NEW YORK—Taking advantage of one of its most successful fall seasons in school history, Columbia Athletics achieved its highest-ever ranking in the Learfield Directors’ Cup standings as it concluded the 2017 fall campaign rated No. 36 nationally, the National Association of Collegiate Directors of Athletics announced Thursday afternoon.

 

Columbia also ranked as the second highest institution in the Ivy League behind Princeton, which currently sits in ninth place in the overall standings. Ivy League schools currently ranked among the Learfield Cup rankings include: No. 9 Princeton (242.50 points), No. 36 Columbia (129.50 points), No. 51 Dartmouth (95.0), No. 117 Yale (28.0) and No. 122 Harvard (25.0). Stanford currently leads the competition with 468.0 total points.

 

Columbia earned its ranking based on an NCAA Tournament First Round win and NCAA appearance by the men’s soccer team and successful national finishes in men’s and women’s cross country. The Lions also received strong seasons from the football and women’s soccer squads.

 

The Learfield Directors’ Cup is an award given annually by NACDA to the colleges and universities in the United States with the most success in college athletics during each academic year. Points for the Directors’ Cup are based on NCAA championship participation and success. Final results are typically announced in late June.

 

Overall, Columbia Athletics enjoyed one of its most successful fall seasons in school history. Here are a few of Columbia’s achievements from Fall 2017:

 

COLUMBIA ATHLETICS FALL HIGHLIGHTS

 

*Women’s cross country captured the 2017 Ivy League Cross Country title.

 

*Two sports programs earned NCAA postseason berths: women’s cross country and men’s soccer.

 

*Two coaches earned Ivy League Coach of the Year awards: women’s cross country’s Dan Ireland and football’s Al Bagnoli.

 

*18 Columbia student-athletes earned First Team All-Ivy League honors.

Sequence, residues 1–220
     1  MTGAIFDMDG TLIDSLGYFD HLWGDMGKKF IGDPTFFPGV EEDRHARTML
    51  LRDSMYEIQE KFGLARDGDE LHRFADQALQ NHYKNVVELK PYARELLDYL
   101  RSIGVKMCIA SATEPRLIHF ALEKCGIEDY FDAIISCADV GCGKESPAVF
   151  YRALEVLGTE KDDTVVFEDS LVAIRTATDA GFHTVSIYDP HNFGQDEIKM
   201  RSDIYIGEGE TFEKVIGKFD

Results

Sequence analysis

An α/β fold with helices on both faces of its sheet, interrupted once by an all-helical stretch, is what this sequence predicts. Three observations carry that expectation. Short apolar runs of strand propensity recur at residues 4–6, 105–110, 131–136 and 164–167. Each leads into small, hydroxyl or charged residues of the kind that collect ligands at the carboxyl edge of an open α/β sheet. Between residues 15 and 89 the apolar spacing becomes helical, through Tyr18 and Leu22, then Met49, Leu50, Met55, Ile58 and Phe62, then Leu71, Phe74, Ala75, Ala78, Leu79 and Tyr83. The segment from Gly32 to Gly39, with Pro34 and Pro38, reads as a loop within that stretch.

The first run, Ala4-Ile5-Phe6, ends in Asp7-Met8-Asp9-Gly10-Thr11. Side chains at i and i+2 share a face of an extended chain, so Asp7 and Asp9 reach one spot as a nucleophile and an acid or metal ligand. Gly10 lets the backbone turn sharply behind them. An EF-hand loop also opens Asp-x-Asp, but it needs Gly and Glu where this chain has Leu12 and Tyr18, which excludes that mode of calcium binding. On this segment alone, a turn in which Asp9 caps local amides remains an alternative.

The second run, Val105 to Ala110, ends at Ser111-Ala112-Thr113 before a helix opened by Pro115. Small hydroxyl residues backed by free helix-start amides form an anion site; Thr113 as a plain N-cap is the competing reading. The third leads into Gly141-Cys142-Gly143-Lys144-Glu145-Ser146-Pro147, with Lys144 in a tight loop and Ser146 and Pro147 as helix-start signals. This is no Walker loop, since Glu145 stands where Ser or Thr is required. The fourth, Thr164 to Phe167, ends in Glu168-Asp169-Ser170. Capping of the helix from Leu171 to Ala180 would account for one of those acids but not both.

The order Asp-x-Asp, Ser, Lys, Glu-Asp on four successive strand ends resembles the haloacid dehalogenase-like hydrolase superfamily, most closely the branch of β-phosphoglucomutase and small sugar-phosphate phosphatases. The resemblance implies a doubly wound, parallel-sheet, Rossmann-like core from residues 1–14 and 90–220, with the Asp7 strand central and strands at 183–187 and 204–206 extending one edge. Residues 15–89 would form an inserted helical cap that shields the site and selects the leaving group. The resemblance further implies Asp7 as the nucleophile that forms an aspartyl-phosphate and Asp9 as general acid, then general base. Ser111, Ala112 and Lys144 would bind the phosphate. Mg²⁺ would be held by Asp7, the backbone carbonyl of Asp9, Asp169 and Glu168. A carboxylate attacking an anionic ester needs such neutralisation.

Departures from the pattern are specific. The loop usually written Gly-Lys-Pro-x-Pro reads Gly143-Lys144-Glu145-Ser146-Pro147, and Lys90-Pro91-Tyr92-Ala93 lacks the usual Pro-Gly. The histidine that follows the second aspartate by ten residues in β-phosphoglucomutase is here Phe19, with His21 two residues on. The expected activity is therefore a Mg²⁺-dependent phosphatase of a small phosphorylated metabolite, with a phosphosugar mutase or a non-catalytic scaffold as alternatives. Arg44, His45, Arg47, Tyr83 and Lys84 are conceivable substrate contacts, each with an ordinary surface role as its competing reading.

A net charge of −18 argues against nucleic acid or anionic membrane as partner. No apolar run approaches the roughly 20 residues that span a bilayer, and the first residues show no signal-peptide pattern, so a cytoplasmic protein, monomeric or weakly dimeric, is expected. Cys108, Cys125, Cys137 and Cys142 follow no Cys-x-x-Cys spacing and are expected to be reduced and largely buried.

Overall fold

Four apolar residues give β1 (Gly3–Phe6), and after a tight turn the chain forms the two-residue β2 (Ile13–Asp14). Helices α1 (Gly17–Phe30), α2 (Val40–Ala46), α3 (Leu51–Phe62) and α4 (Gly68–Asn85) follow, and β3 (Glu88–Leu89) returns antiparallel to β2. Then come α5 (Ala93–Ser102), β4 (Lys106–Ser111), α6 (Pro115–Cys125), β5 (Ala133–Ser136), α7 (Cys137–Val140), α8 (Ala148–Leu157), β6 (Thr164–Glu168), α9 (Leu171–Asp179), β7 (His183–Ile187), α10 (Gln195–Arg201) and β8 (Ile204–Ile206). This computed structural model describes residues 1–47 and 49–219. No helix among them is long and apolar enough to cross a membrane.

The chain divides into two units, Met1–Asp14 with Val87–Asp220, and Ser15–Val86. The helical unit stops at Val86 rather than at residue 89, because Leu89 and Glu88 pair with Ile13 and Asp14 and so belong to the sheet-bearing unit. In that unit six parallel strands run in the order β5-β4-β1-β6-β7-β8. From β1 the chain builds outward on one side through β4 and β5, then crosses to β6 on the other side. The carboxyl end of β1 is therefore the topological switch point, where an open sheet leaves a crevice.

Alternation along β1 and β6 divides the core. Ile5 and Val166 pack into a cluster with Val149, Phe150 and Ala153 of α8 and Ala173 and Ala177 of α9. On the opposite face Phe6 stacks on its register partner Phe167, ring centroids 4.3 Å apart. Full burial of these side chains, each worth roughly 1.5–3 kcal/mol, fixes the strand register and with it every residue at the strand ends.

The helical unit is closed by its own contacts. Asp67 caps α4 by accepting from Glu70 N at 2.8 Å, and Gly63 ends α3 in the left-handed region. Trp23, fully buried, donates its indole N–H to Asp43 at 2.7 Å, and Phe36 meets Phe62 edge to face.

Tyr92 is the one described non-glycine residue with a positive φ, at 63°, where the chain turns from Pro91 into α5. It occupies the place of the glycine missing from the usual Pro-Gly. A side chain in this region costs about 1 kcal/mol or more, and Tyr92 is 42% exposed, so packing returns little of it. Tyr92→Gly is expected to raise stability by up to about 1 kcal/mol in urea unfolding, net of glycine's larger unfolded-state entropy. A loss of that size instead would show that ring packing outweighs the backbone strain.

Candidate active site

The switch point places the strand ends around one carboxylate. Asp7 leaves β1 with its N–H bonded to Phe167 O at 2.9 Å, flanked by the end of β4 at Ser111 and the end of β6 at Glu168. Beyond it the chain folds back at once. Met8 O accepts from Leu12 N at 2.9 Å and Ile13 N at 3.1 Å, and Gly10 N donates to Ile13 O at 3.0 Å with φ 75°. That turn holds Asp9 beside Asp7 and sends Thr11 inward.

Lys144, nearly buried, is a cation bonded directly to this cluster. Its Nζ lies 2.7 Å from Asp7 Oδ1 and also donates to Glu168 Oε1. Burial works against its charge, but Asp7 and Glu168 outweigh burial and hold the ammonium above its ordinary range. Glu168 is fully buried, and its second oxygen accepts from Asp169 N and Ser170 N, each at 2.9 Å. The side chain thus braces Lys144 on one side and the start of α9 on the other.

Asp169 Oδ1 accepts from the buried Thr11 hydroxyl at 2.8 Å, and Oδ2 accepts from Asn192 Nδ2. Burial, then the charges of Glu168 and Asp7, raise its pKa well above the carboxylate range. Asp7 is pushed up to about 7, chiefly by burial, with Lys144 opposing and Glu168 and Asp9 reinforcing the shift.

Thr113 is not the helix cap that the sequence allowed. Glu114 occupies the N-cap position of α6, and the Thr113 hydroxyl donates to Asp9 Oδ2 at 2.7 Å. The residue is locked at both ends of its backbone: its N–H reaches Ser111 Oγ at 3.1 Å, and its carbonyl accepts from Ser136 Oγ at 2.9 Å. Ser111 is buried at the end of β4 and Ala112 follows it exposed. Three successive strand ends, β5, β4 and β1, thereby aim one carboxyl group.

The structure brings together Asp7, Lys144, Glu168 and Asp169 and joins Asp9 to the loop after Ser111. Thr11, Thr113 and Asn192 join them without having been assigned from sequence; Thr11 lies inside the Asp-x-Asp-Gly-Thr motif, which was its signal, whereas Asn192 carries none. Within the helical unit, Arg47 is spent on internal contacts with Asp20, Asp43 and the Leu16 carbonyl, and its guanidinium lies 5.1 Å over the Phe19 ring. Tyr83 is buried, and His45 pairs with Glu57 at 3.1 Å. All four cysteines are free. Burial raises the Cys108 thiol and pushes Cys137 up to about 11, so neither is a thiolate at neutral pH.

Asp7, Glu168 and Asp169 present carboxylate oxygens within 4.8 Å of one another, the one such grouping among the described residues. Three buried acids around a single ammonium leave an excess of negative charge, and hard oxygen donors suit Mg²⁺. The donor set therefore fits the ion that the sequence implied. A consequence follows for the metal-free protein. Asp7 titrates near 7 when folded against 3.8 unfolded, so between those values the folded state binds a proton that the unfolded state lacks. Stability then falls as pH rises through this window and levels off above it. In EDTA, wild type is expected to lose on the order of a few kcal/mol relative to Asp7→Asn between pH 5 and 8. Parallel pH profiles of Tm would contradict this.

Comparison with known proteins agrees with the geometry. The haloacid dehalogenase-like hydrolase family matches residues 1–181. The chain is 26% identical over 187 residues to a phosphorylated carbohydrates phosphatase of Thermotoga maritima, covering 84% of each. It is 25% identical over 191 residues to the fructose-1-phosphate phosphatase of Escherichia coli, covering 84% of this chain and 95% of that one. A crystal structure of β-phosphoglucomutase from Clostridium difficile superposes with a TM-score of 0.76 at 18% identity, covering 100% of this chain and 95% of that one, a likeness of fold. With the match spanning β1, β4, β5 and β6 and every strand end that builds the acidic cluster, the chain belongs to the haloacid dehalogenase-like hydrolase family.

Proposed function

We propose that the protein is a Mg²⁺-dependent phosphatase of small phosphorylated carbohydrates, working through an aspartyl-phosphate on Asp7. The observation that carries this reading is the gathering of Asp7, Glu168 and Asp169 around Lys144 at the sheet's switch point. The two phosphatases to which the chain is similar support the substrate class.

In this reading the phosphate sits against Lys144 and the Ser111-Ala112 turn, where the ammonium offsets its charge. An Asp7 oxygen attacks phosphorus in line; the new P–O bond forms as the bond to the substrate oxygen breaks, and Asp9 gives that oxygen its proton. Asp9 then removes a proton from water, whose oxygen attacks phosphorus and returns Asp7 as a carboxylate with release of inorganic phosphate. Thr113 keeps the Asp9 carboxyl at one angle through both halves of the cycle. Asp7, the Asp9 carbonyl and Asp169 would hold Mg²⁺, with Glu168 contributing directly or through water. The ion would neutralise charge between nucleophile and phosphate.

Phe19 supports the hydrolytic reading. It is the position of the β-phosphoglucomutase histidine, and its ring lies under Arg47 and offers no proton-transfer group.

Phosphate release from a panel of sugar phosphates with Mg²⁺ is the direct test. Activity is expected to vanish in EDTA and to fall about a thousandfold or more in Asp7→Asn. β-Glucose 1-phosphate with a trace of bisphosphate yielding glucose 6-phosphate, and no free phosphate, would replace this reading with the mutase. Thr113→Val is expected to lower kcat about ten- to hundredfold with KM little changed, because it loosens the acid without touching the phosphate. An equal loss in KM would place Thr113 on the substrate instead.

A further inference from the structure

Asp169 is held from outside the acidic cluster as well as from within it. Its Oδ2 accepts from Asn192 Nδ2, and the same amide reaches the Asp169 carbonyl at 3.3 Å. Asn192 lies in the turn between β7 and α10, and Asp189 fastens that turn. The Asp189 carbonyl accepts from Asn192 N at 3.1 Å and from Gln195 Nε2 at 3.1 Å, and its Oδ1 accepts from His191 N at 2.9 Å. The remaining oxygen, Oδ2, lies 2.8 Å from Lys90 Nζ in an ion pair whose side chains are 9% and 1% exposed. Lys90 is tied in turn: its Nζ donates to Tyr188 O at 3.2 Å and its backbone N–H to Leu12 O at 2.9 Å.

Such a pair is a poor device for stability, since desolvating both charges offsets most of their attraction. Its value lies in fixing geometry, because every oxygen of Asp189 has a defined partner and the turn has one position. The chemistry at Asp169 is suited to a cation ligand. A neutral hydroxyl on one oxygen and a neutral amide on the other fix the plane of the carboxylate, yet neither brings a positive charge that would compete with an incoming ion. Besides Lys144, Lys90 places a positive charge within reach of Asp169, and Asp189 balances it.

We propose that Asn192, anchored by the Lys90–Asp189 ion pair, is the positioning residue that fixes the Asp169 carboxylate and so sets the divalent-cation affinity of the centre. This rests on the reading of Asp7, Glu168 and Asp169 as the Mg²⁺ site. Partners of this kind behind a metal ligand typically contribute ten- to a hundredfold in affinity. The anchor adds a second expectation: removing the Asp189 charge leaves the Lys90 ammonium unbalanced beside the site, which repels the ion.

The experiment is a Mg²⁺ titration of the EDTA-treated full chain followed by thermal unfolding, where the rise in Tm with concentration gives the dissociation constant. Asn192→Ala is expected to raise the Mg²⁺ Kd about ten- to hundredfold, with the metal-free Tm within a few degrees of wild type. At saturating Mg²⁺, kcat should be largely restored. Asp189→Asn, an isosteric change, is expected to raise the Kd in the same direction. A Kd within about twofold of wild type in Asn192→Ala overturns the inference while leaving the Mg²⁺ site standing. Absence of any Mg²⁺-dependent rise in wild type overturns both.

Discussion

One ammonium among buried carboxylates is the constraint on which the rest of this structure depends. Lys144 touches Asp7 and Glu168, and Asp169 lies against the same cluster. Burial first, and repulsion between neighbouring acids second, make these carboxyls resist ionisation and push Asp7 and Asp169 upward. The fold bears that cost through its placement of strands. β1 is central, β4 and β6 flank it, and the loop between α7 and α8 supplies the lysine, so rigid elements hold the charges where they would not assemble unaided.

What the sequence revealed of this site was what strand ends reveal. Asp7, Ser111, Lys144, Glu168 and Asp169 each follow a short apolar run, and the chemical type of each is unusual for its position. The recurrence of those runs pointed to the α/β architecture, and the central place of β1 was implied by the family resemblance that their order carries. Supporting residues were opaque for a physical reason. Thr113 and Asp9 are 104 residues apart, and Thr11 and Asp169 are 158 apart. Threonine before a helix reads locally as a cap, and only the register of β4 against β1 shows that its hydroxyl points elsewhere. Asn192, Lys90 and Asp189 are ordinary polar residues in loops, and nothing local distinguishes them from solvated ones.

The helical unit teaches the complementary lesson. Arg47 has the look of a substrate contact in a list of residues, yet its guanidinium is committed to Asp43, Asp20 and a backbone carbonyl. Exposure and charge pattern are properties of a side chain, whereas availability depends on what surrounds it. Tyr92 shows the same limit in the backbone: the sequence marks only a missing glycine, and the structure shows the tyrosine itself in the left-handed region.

*Men’s soccer appeared in its 14th all-time NCAA Tournament, finished second in the Ivy League with a 5-1-1 record and finished 12-3-2 overall. The Lions were ranked among the nation’s top-25 teams during the majority of the season. The team won its first-round NCAA Tournament match, a 2-1 overtime win at William & Mary, but dropped its second-round game to No. 1 ranked Wake Forest, 1-0. Seven members of the Columbia men’s soccer team earned All-Ivy League honors, including five First Teamers including Offensive Player of the Year Arthur Bosua, Alex Bangerl, Dylan Castanheira, John Denis and Vana Markarian. Four were All-Region picks. An All-American selection, Bosua was named one of 15 finalists for the MAC Hermann Trophy, which recognizes the NCAA Division I college soccer player of the year.

 

*Women’s cross country earned its seventh all-time NCAA Championship appearance. The Lions qualified automatically with a fourth-place finish at the NCAA’s Northeast Regional meet. The Lions finished in 28th place at the NCAA Division I Cross Country Championships. Nell Crosby earned First Team All-Ivy League honors and led the Lions with a fourth-place individual finish at the Ivy League championships.

 

*Ryan Thomas claimed the individual Ivy League men’s cross country championship. Columbia’s men’s Cross Country team finished in second place in the Ivy League championship team competition. It placed fifth in the NCAA Northeast Regional meet. Three Lions earned First Team All-Ivy League honors including Thomas, Kenny Vasbinder and Brian Zabilski.

 

*Football recorded its best-record in 21 years with an 8-2 overall and 5-2 Ivy League record. The Lions also finished in second place, their best finish in Ivy League play since 1996. The Lions also put together a seven-game win streak, Columbia’s longest win streak since 1935. Columbia began its season with six straight wins for the first time since 1996.

 

*Football had a school-record 12 players named to All-Ivy League teams including First Teamers Josh Wainwright, Lord Hyeamang, Cameron Roane and Parker Thome. Second Team picks included Anders Hill, Landon Baty and Bewley Wales, while honorable mention picks included Will Allen, Michael Murphy, Markham Paukune, Dominic Perkovic and Ronald Smith II.

 

*Football Head Coach Al Bagnoli was named the Ivy League Coach of the Year. He was also named a finalist for the two National Coach of the Year Awards: Eddie Robinson Award/STATS FCS and AFCA. He also become just the third coach in school history to earn AFCA Region Coach of the Year honors.

 

*Women’s Soccer came within one game of winning the Ivy League championship. It finished second in the Ivy League with a 5-1-1 record and concluded the year with a 9-5-2 overall record. Eight players earned All-Ivy League honors including Natalie Ambrose, who was named Ivy League Defensive Player of the Year. First Team selections included Ambrose and Natalie Neshat.

 

*Field hockey finished with a 9-8 overall record and 4-3 Ivy League slate. The squad placed three members on the All-Ivy League team including First Teamer Maeve Doherty.

 

*Volleyball placed two players on the First Team All-Ivy League squad in Anja Malesevic and Chichi Ikwuazom. The Lions finished 10-13 overall and 5-9 in Ivy League play.